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Behind the Scenes of Life in the CBA - including our very own Cole Aldrich

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2 weeks 18 hours ago #23209 by porthawk
The CBA is the Chinese Basketball Association.

Below is the part about Cole. You can read it on its own, but reading the article would help give it more context. And it's a solid read overall.


Cole Aldrich was confused. Earlier this season, his first in China, the 6'11" center reported to practice with the Tianjin Golden Lions feeling confident after a 14-point, nine-rebound performance, way better than his NBA averages. His new team wasn't as enthusiastic. When players split into positional work—bigs to one side, guards to the other—Aldrich learned he'd been assigned a personal-skills coach. That coach's task, as Aldrich puts it, "Teach me how to play in the CBA."
The instruction itself didn't inspire much confidence. Aldrich recalls being shown a complicated sequence to deploy against Chinese defenders—a fake baseline turnaround followed by two dribbles and a layup. "I was like, 'O.K., I'm not gonna use that; it's not a move anyone will fall for,'" he says.
The reality, for imports: Often it isn't cultural shock that gets them, but basketball shock. "Yo, you're in a different country," Lawson says. "You're not just coming over here and running s---." Lesson One: Brace for bruises. "It's definitely more physical," says Brandon Bass, who played in the NBA for 12 years, left for China in 2017 and promptly led Liaoning to a CBA title. "You learn that real quick."
The pace is also frantic—run-and-gun bordering on reckless. And because most imports are counted upon to shoulder the scoring load, they're the focus of every opponent's D. "I'd never been double- and triple-teamed the whole game," says Beijing Fly Dragons guard (and 2016 Sixers second-rounder) Pierre Jackson, who nonetheless averaged nearly 40 points this season.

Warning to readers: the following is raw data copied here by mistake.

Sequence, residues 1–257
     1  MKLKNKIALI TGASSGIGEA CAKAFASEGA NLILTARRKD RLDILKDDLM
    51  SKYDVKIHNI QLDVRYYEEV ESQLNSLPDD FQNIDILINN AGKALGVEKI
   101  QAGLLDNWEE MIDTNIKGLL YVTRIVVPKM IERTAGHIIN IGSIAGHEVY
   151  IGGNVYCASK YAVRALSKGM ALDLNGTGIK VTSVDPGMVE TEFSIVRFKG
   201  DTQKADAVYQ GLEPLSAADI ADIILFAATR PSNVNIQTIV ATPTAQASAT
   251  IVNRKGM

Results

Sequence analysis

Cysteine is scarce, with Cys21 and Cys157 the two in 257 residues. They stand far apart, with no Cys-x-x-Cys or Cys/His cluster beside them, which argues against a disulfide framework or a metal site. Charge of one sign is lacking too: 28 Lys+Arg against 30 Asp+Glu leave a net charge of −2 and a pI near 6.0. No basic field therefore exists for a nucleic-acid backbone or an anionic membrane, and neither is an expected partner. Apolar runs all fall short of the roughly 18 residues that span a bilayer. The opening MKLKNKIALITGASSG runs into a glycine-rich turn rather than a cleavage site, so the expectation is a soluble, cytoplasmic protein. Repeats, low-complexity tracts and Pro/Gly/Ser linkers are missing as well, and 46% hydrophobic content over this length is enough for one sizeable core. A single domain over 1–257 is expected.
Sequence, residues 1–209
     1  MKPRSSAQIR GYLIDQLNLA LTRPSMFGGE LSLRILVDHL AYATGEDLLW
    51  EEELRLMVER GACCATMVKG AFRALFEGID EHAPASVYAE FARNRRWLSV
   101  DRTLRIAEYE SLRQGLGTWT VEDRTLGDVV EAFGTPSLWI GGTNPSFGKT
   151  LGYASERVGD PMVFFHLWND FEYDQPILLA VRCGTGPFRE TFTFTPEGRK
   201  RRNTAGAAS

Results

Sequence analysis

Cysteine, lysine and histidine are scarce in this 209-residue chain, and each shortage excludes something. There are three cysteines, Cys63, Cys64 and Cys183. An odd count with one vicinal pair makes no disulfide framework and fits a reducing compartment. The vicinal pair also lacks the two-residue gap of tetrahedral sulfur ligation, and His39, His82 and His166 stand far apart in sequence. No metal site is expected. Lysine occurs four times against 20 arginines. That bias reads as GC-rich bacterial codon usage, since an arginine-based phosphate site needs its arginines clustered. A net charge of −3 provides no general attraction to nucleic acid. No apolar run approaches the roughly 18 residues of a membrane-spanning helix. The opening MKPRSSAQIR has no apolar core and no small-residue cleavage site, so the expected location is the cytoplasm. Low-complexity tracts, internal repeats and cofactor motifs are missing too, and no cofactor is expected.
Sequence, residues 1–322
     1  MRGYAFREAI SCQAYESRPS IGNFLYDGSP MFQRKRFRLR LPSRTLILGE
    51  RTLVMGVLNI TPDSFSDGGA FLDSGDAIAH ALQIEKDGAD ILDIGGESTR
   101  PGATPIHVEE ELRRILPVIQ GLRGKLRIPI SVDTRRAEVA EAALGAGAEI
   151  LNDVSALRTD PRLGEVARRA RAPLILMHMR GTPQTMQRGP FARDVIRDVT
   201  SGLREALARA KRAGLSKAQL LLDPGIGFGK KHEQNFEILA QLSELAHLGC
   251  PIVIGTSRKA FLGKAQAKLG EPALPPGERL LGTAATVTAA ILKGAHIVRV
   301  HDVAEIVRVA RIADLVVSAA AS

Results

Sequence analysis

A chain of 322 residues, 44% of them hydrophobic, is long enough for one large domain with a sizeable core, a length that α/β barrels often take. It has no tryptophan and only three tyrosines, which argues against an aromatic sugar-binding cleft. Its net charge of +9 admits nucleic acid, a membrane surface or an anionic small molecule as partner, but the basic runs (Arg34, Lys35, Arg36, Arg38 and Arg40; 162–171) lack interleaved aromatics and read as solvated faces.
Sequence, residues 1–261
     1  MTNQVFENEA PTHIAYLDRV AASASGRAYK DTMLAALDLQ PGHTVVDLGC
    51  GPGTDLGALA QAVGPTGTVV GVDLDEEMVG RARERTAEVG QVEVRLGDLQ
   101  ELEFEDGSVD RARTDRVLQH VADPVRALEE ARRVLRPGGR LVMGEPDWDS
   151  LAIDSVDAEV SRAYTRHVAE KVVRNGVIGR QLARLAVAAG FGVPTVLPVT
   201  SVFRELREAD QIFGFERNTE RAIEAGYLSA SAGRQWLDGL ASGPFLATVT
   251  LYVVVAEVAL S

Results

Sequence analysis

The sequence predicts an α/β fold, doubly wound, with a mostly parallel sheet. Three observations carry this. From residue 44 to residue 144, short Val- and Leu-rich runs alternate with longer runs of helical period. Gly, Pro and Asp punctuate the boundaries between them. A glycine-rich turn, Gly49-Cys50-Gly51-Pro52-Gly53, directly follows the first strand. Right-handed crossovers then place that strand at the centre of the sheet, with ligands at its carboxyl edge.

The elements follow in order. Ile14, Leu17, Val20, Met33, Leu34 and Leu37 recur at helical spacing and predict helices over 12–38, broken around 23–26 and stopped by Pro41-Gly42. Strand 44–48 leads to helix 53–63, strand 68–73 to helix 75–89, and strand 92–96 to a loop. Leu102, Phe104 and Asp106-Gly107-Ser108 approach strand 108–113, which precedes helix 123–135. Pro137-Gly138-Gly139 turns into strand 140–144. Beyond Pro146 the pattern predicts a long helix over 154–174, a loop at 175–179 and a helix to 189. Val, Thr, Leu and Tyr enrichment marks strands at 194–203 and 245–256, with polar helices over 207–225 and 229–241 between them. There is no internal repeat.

Looming over all of this is a patience that quickly wears thin. Each CBA team is allowed to switch its imports up to four times before the playoffs, then twice more in the postseason. "If you're not performing at an incredible rate, you could easily be cut," says Bass.
Some survive. Others, like Aldrich, are spit out. After suffering a grade-two MCL sprain in December, he flew home to Minnesota and started rehab at the Mayo Clinic. Not only did the Golden Lions quickly sign a replacement import (CBA mainstay Andray Blatche, late of the Wizards and the Nets), they also stopped paying Aldrich's salary altogether, insisting he return to recover in Tianjin. After four months of missed payments, the matter went to arbitration in FIBA court.
But at least he gave China an honest effort. Before coming over, Aldrich even dialed up an old NBA teammate for advice. "Dude, you've been there a few years—just walk me through the experience," he said. "What does it look like?"
And lo, Jimo Dashen did reply....

www.si.com/nba/2019/06/27/chinese-basket...mmad-stephon-marbury
The following user(s) said Thank You: JRhawk